Here’s the truth: nutrition first. Focus on the basics like getting adequate protein, not overeating and focusing on whole and unprocessed foods.

Second truth: you have to be consistent for more than three days. If you can’t look back on the past month and say you’ve eaten healthy for 90% or more of those days, then be more consistent.

Third truth: exercise doesn’t work the way you think it does.

What you NEED to know

When an athlete has a smart strength coach, the coach doesn’t program for calories burned. Nope. The coach programs for a specific physical OUTCOME or adaptation – things like:

-Increased speed or agility

-Increased strength

-Improved mobility or stability

-Improved resting heart rate and the ability to pump more blood with each heart beat

-Oxygen intake and VO2 max

-Improved tissue quality

Did you see calories in there? 

What exercise really does

Exercise is EXCELLENT for creating a physiological outcome or adaptation.

When I consult clients, most of them approach the gym as a means of “burning calories.” We already know exercise for the average person doesn’t burn many calories. How easy is it to replace the 300 calories expended in a 45 minute session with a handful of almonds? Too easy.

But again, that’s not the point.

You should exercise to get your body to perform a task BETTER


Increasing your 1 RM in the deadlift

Doing 15 pull-ups

Improving how long you can run while maintaining a certain heartrate

Improving your 3 mile speed

Making your muscle larger through bodybuilding-type work (being able to do more total reps)

Swinging a heavy kettlebell for 15 reps in less time than last week

Increasing your broad jump

Exercise is the way to these goals or outcomes. The body is VERY adaptive and will adapt to a task you give it, but it will always try to do it by expending the least amount of calories possible – it’s simply a survival trait. And it wants to adapt to the exercise because the better you get at that exercise, the LESS calories it takes to perform it.

If you get your chest bigger, it won’t take as many calories to perform the same amount of pushups.

If you get your resting heart rate down, it won’t take as many calories to do steady aerobic work.

When you factor in age, sex, hormones, individual resting metabolic rates, digestion and organ function, how many calories you burn at rest and during exercise vary greatly from person to person.

Do things that challenge you but allow you to recover

If your workouts are getting worse or you haven’t improved on something (or everything) in the past 3-6 months, then your training isn’t providing enough of a challenge to cause an adaptation.


Doing activities that require adaptation will expend the most calories. That’s why running the same 5 miles over time nets you less and less results.

This is exactly why lifting weights is one of the best ways to become lean and muscular. You can constantly challenge yourself with more weight, more reps, less rest, different exercises and so on that you are constantly adapting and thus burning the most amount of calories.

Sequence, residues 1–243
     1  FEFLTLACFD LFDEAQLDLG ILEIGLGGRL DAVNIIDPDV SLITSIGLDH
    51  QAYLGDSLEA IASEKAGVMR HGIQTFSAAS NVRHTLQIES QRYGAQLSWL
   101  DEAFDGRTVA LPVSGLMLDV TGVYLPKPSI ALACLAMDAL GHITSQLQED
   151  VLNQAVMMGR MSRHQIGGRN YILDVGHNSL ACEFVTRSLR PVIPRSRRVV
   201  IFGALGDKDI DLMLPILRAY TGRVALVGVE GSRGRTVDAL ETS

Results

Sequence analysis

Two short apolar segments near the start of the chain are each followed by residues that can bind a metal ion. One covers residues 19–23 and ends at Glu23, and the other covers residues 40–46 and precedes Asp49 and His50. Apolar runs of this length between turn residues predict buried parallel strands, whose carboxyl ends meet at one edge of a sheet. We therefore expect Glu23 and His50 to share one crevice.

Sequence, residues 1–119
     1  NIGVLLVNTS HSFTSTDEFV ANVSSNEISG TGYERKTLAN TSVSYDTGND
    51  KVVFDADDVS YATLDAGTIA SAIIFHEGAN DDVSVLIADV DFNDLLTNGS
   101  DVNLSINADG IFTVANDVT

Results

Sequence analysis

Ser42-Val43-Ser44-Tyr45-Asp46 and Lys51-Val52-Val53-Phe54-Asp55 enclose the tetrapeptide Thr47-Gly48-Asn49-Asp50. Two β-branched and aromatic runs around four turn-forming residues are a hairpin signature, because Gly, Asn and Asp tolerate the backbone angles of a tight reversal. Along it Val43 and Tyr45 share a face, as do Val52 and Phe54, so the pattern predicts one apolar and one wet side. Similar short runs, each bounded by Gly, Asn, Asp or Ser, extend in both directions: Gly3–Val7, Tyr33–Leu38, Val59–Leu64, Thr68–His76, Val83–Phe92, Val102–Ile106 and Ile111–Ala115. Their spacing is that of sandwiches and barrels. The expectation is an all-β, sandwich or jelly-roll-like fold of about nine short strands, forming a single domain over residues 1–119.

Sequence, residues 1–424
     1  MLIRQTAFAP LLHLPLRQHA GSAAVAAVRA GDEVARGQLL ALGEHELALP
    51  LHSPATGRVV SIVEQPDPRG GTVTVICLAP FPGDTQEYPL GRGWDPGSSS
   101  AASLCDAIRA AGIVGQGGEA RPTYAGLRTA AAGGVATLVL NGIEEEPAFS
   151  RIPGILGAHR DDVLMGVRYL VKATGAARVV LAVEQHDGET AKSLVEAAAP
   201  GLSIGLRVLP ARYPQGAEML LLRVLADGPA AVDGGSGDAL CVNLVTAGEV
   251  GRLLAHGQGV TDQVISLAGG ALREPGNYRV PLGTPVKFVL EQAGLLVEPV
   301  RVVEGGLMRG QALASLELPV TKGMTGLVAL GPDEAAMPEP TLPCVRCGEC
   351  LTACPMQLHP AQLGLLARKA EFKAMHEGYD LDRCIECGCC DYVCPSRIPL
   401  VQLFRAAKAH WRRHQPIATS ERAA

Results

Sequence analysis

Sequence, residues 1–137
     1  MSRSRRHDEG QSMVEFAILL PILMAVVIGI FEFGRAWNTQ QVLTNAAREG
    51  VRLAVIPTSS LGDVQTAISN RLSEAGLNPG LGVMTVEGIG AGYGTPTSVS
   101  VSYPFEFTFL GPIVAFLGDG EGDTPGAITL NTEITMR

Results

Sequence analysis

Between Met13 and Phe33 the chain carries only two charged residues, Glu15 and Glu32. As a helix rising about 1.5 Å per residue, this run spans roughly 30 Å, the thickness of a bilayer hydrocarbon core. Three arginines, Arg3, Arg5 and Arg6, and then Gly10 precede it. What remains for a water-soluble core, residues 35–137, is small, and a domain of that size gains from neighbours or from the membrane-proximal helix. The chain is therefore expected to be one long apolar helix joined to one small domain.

Sprinting, jogging, walking, yoga, pushing the sled, group classes, swimming and biking are all excellent contributions. These secondary activities help to improve your heart, lungs and more – but they also help to expend some energy in ways that don’t interfere with your main activity. Simply doing MORE of the same activity gets old and soon loses its effect. Bottom line, strength training should be the crux.

How much is best?

Now that we’ve made a case for not using exercise solely to burn calories, we need to acknowledge that exercise is still absolutely crucial for achieving your ideal physique. Remember that exercise will still cause a small daily calorie burn that over time, combined with sound nutrition habits will lead to fat loss!

Anecdotally, 5-7 hours per week seems to be the sweet spot for most people. Any less than 5 means you are missing out on opportunities to challenge your body and make it adapt. Too much more and the average person won’t recover how they need or will burn themselves out on one type of exercise.

At least 3-4 out of those 5-7 hours, or 80% should be strength training. It simply produces the best changes in fat loss and muscle growth plus helps to address posture, mobility, stability and even some endurance and heart rate changes.

So if you currently exercise 3 times a week and only 2 are strength training, instead, you’d want to strength train at LEAST 3 times and round out the 4th or 5th hour with a mix of brisk walking, jogging, bike riding, bodyweight circuits etc.

Each of those doesn’t have to be an hour-long session. You can strength train 4 times, go on two 30 minute walks and do one half hour jog. Or three strength training sessions with one hour run and a 45 minute circuit class that includes weight and bodyweight exercises.

Choose exercise variations that you enjoy and look forward to. Strength training is such an important piece – but it doesn’t need to be JUST the barbell. DBs, KBs and more can be used. Progressing is the name of the game. If you’ve been doing a 50lb DB goblet squat for 8 reps for the past 3 months, it’s time to add some weight! If you’ve been swinging the 32kg bell for the same time frame and it’s getting easy, it’s time to progress!

The best adaptations come from weekly changes, whether a change in reps, sets, weight, rest etc. The body adapts quickly so every single session, SOMETHING should change, even if it’s just how fast you complete the workout. If you get through your exercise for the day and it was the same thing you’ve done before, you are missing out.


J Strength Cond Res. 2009 Nov;23(8):2377-80. doi: 10.1519/JSC.0b013e3181b8d4e8. v1.4, January 1, 2015, 2016 Vox Media, Inc. All Rights Reserve